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A melanoma-specific VH antibody cloned from a fusion phage library of a vaccinated melanoma patient.

ABSTRACT: The human antimelanoma antibody V86 was cloned from a single-chain Fv molecule (scFv) fusion phage library displaying the heavy chain variable domain (VH) and light chain variable domain (VL.) repertoire of a melanoma patient immunized with genetically-modified autologous tumor cells. Previous ELISA tests for binding of the V86 fusion phage to a panel of human metastatic melanoma and carcinoma cell lines and primary cultures of normal melanocytes, endothelial, and fibroblast cells showed that measurable binding occurred only to the melanoma cells. In this communication, the strict specificity of V86 for melanoma cells was confirmed by immunohistochemical staining tests with cultured cells and frozen tissue sections. The V86 fusion phage stained melanoma cell lines but did not stain carcinoma cell lines or cultured normal cells; V86 also stained specifically the melanoma cells in sections of metastatic tissue but did not stain any of the cells in sections from normal skin, lung, and kidney or from metastatic colon and ovarian carcinomas and a benign nevus. An unexpected finding is that V86 contains a complete VH domain but only a short segment of a VL, domain, which terminates before the CDR1 region. This VL deletion resulted from the occurrence in the VL cDNA of a restriction site, which was cleaved during construction of the scFv library. Thus V86 is essentially a VH antibody. The effect of adding a VI. domain to V86 was examined by constructing scFv fusion phage libraries in which V86 was coupled to Vlambda or Vkappa domains from the original scFv library of the melanoma patient and then panning the libraries against melanoma cells to enrich for the highest affinity antibody clones. None of the V86-Vlambda clones showed significant binding to melanoma cells in ELISA tests; although binding occurred with most of the V86-Vkappa clones, it was generally weaker than the binding of V86. These results indicate that most of the VL domains in the original scFv library reduce or eliminate the affinity of V86 for melanoma cells. Accordingly, VH libraries could provide access to anti-tumor antibodies that might not be detected in scFv or Fab libraries because of the incompatibility of most randomly paired VH and VL, domains.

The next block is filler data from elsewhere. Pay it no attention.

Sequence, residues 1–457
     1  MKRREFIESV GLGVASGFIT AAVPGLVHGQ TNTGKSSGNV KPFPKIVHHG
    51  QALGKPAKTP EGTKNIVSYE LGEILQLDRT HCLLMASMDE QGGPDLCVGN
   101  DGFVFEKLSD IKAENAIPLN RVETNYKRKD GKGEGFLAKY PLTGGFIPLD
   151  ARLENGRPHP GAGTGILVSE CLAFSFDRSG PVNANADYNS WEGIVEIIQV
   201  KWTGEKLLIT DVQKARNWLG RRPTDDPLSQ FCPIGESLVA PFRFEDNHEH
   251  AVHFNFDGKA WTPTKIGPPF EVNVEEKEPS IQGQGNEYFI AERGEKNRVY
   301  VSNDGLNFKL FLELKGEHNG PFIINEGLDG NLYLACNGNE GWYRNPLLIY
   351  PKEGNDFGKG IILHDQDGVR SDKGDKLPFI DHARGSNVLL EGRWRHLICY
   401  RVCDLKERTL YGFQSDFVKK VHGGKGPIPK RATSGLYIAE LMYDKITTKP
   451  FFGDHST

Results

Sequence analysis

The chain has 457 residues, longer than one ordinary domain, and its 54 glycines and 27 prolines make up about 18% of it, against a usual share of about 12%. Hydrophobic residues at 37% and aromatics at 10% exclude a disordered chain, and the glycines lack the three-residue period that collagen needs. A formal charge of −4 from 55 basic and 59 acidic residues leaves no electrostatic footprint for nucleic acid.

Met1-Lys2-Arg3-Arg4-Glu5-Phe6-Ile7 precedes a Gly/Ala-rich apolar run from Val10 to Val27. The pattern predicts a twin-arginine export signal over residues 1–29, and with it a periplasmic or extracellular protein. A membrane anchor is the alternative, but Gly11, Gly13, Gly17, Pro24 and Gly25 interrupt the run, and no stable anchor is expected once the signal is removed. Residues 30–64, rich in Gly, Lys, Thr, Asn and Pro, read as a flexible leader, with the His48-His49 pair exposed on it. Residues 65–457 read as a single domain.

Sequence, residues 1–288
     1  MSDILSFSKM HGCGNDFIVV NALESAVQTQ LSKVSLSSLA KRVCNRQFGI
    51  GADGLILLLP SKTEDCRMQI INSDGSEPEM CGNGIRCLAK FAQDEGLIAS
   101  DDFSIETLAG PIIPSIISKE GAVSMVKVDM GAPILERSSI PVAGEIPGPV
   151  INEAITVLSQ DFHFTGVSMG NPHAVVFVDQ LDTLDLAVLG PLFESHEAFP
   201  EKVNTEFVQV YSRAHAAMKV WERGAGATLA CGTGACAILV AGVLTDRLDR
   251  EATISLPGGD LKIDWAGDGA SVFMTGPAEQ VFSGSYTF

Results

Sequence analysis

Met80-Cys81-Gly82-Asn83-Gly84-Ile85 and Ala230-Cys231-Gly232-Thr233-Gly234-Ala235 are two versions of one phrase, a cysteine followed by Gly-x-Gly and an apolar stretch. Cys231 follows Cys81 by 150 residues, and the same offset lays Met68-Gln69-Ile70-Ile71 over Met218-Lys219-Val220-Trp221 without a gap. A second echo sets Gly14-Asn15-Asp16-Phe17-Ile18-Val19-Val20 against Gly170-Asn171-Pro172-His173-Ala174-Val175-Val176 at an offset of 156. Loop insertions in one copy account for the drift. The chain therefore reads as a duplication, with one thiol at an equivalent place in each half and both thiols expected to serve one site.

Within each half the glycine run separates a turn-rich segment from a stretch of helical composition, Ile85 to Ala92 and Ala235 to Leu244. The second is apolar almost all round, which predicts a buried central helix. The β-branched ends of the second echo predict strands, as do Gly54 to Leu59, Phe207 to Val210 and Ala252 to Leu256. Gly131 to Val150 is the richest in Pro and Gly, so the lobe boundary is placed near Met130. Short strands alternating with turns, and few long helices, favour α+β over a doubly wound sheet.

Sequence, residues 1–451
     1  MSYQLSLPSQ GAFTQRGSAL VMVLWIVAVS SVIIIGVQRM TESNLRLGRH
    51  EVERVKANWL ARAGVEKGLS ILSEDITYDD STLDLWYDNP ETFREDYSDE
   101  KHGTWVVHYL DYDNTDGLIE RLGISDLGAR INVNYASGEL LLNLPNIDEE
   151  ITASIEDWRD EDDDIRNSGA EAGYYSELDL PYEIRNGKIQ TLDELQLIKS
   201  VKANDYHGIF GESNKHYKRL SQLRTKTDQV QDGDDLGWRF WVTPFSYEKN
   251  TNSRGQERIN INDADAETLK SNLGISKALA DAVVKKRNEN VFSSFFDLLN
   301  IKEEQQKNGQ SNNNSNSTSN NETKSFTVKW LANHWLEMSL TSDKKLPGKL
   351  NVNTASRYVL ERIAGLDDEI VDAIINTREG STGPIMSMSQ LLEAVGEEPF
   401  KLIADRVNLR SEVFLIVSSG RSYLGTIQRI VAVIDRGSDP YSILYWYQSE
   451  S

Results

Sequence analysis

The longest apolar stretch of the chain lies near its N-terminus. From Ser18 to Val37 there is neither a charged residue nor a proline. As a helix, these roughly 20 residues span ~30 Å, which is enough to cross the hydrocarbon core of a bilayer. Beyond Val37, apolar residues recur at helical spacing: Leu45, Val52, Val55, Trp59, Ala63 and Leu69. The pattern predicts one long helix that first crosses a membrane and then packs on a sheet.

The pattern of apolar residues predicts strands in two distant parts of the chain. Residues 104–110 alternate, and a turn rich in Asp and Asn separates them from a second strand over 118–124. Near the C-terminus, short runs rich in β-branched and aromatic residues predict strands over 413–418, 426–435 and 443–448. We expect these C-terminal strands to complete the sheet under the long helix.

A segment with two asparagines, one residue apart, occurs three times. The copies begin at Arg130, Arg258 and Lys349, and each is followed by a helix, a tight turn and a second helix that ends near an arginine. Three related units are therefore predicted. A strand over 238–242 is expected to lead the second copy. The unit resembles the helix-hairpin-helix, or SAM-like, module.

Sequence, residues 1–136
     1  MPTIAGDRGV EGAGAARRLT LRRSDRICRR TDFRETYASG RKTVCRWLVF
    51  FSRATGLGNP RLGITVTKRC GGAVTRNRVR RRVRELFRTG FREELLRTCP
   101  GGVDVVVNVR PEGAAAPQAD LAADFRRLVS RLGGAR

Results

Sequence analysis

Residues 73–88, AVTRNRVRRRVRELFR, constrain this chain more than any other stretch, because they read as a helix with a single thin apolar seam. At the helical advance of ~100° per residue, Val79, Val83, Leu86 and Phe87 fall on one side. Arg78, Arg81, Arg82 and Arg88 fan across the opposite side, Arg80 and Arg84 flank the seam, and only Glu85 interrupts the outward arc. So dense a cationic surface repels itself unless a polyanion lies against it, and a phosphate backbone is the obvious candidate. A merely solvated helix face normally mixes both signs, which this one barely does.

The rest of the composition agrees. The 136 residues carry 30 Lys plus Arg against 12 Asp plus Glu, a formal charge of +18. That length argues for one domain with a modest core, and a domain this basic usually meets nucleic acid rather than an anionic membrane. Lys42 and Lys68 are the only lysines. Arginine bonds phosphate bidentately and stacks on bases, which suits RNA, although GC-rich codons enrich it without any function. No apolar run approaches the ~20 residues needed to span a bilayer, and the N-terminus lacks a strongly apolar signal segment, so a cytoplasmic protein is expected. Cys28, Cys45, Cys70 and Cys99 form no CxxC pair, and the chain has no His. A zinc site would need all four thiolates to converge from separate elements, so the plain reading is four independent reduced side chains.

PROVIDER: S-EPMC39013 | BioStudies | 1996-01-01T00:00:00Z


REPOSITORIES: biostudies

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